All this may seem an abstruse discussion, altogether out of place in the columns of Justice. Clearness of insight, however, on this point is of the very first practical importance in our movement, since the view we take determines, for good or ill, our policy in well-nigh every international crisis of modern times. If it is scientifically inevitable that every backward race should go through the mill of capitalism before it can possibly be ripe for the society of the future, then is our preaching vain and your faith is also vain – at least till the Greek Kalends. For let us make no mistake about the question. Every conquest of capitalism in those parts of the world not already dominated by it, means a new lease of life to the present system; if capitalism cannot expand, it must finally give out at longest within a generation or two. The well-known truth at the root of this position is, by the way, as far as I am aware, nowhere more clearly and more popularly explained than in some of our comrade Wilshire’s articles and pamphlets on the Trust question in America. Hence the restless insatiability of modern capitalism in land-grabbing, the political side of which we see in modern Imperialism. And here, of course, comes in another point. Though there is undoubtedly no necessity for any backward people to enter the capitalistic stage, yet the question of the probability or not of their doing so may very well be raised. This must be answered in every instance according to the circumstances. Expansionism is undoubtedly capitalism’s struggle for life. If capitalism can only expand fast enough, it may indefinitely postpone the social revolution. If not, it cannot avert its own destiny in the approximately near future. Backward races may, as in the case of Japan, take over up-to-date capitalism, either by its being forced on them by conquest or being voluntarily adopted, or they may remain in their backward and barbaric condition until Social Democracy has been developed in Europe and the United States. And then they may adopt with conscious initiative the Socialist organisation of society then prevailing in the West with all that that involves, just as Japan has adopted the capitalism now prevailing in the West, with all that it involves. It is impossible, of course, for any existing barbaric race of itself to evolve Social Democracy before the nations in the van of progress, which have themselves been through the whole mill of capitalist evolution, have first shown the way; but given this condition, and it would perhaps be less difficult to graft a Socialist organisation on to a barbaric society than it has been for barbaric Japan to metamorphose itself into a modern capitalist State within two generations.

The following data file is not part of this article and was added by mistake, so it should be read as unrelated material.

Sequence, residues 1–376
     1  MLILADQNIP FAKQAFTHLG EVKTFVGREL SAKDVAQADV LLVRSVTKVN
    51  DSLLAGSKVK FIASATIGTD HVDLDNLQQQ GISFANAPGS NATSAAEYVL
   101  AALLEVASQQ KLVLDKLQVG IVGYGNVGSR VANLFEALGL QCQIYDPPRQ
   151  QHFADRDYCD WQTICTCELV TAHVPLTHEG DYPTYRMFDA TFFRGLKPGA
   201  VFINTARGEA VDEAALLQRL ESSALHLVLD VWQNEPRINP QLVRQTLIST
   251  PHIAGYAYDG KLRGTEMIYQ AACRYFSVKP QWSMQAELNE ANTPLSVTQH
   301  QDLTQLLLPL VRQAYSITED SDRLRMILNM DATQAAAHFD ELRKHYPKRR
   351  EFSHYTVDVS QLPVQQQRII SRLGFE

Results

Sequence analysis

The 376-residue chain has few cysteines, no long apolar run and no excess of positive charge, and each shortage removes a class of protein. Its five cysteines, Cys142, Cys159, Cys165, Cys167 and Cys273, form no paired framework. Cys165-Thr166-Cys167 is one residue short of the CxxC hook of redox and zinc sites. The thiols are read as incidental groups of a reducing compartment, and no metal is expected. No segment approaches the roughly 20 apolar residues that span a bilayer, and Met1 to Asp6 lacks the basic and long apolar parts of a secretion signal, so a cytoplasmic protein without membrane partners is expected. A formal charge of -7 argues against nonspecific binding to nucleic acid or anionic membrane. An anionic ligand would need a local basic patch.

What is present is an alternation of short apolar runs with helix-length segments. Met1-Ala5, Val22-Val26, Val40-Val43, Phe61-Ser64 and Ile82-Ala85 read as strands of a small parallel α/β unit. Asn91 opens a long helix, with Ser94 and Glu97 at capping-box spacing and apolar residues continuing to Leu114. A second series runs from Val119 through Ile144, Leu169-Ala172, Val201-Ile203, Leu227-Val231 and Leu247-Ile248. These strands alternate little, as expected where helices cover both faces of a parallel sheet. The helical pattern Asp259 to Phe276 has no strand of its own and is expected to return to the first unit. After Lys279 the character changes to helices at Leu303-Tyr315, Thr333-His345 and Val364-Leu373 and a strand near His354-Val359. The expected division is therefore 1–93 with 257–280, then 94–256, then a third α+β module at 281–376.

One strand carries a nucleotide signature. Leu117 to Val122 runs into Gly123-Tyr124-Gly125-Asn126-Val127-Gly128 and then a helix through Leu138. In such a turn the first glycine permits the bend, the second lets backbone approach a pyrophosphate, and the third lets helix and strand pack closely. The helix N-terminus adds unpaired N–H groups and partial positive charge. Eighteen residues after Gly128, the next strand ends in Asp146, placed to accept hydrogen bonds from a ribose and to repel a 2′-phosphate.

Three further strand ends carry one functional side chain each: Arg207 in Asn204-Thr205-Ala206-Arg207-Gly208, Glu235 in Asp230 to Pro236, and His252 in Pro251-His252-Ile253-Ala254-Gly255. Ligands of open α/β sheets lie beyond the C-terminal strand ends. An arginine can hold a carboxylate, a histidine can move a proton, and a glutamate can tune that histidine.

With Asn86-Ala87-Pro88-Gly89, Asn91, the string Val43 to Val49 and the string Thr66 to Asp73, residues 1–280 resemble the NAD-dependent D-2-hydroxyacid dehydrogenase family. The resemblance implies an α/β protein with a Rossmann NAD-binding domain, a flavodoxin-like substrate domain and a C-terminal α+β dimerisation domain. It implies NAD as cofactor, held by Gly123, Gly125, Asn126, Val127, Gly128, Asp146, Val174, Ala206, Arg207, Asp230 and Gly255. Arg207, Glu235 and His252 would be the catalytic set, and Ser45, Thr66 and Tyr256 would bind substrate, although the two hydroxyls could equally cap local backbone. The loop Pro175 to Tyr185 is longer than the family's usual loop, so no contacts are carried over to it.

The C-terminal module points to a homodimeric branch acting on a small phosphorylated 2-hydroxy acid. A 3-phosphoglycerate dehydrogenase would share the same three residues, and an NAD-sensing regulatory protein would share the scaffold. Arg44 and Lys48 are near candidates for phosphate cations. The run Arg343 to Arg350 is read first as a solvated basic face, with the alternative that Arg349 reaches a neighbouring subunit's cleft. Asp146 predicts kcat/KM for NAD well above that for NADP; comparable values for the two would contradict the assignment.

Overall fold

We can only hope that our comrades will reflect on these points, and not be caught by the specious plea, that the spread of capitalism is necessary before we hope to see Socialism. For this theory, as we have endeavoured to show in the necessarily short space at our disposal in the columns of Justice, is not merely untrue, but the precise reverse of the truth.
E. Belfort Bax
Last updated on 16.6.2004